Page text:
Today will be the last post in our series about the book What Color Is Your Parachute? For Retirement by John E. Nelson and Richard N. Bolles. We’ll be discussing chapter nine: A New Chapter in Psychology and chapter ten: Happiness Is Only Real When Shared. These chapters deal with how to find happiness in your retirement.

Moving beyond simple enjoyment

Everyone has things they enjoy doing. Maybe it’s a hobby or maybe it’s finding some time to relax and read a book. Whatever you enjoy doing, can you really see yourself spending 20-30 years doing those enjoyable things every day, all day? Depending on your situation, that may actually sound great to you. But that’s a long time to fill.

We’re not saying you shouldn’t enjoy your retirement! Obviously you should, but as Nelson and Bolles recommend, you need to find something that will engage you. Even your favorite hobby may become boring if you have little engagement in the activity.

According to Nelson and Bolles, “Engagement is the missing ingredient in lasting retirement happiness. And the key to engagement is identifying our strengths—those talents and abilities that we receive great satisfaction in using” (190).

To explain the idea of engagement, Nelson and Bolles discuss the three approaches to happiness:

  • Pleasure – This is the enjoyment approach. It usually involves an activity or situation that will bring you positive feelings. However, this pleasure is usually short lived. While finding enjoyment should be an important part of everyone’s life, you have to keep going back to the activity that brings the enjoyment to find happiness, it’s not lasting.
  • Engagement – Also called involvement, engagement goes beyond pleasure. We’re sure you’ve been involved in an activity that you lose yourself in. Something that you start working on with the intention of spending the morning on, only to find out when you’ve stopped that hours have gone by and you’ve missed lunch without noticing. That’s what it is to be engaged. Nelson and Bolles recognize that you may not have even realized that you were happy until thinking back on it later. “Engagement involves a challenge, and it demands something from you, so it’s not as simple as pleasure. […] Over time, it can build up into a lasting satisfaction with life” (192).
  • Meaning – Also called purpose, Nelson and Bolles recommend that find something beyond yourself to find meaning in retirement. Most people find this by believing in something and then helping service that belief. It could be through your church, a charity, a political party, your community, etc. Meaning doesn’t have to derive from something grand either; it could be as simple as picking up litter in your community as you are on a walk.

Hopefully you will be able to find happiness using all three approaches in your retirement. However, keep in mind, engagement is the key!

Building Relationships

Prior to retirement, you more than likely were exposed to the “Automatic Relationship Generator.” In your younger life, you were in school. There were plenty of others around for you to be friends with. In your working life, you had your co-workers. Maybe you would consider some of them friends, but you had to have some sort of relationship with them to work with them every day. School and work “automatically” built your relationships for you.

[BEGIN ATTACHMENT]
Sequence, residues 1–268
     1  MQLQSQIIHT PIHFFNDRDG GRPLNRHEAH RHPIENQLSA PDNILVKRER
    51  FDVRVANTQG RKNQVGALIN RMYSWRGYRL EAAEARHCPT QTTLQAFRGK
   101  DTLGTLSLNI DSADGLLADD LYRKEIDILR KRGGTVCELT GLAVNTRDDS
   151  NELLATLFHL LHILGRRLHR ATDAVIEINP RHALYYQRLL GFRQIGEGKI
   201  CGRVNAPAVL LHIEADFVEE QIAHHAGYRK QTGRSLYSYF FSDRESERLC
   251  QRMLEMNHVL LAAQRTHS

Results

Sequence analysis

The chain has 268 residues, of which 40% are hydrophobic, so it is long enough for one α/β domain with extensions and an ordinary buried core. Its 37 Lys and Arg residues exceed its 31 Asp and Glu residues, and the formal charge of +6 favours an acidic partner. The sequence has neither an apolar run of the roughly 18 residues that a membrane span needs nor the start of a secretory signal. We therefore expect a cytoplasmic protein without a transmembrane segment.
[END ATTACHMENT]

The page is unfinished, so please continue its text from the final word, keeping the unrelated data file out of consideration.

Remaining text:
You won’t have that in retirement. There is no “Automatic Relationship Generator” in retirement. You probably won’t be seeing the same people almost every day of the week. If you aren’t careful, your retirement may become lonely.

Nelson and Bolles make some great recommendations about how to ensure you don’t lack meaningful relationships in retirement:

  • Concentrate on your marriage – If you are married, retirement may put pressure on that marriage. If both spouses are at home together when previously time spent together was much more limited, this sudden overabundance of time may cause friction between the spouses. Don’t ignore the problem and hope it goes away. Try to be open with your spouse and work through whatever issues retirement may cause in your marriage. Also, try to find activities that you can both engaged in and share.
  • Reconnect with family and old friends – You may have let relationships with family and old friends suffer some while you were working and had less time to devote to them. Once you retire, work on building these relationships back up, especially if you have siblings.
  • Work on building relationships while still working – You can do this two ways. One would be to extend your work related relationships beyond the work day. If you have work friends that you could see being friends outside of work, invite them to spend some time together after work or on the weekends. The other option is, as you approach retirement, concentrate on building relationships outside of work. Maybe through your church, or other cl

Putting it all together

The last chapter in the book, chapter eleven: The New Retirement—an Undivided Life, helps you put everything together. We’re not going to talk about it here, but we hope that you’ve found something useful to your life during this series, and we hope we’ve encouraged you to pick up the book for yourself. (Just a note—we like the first edition better than the second!)


  • Disclaimer: The information on this blog is not meant for specific financial advice. The ideas/opinions stated are not suited for everyone, and readers should use their own judgment in applying them in their financial lives.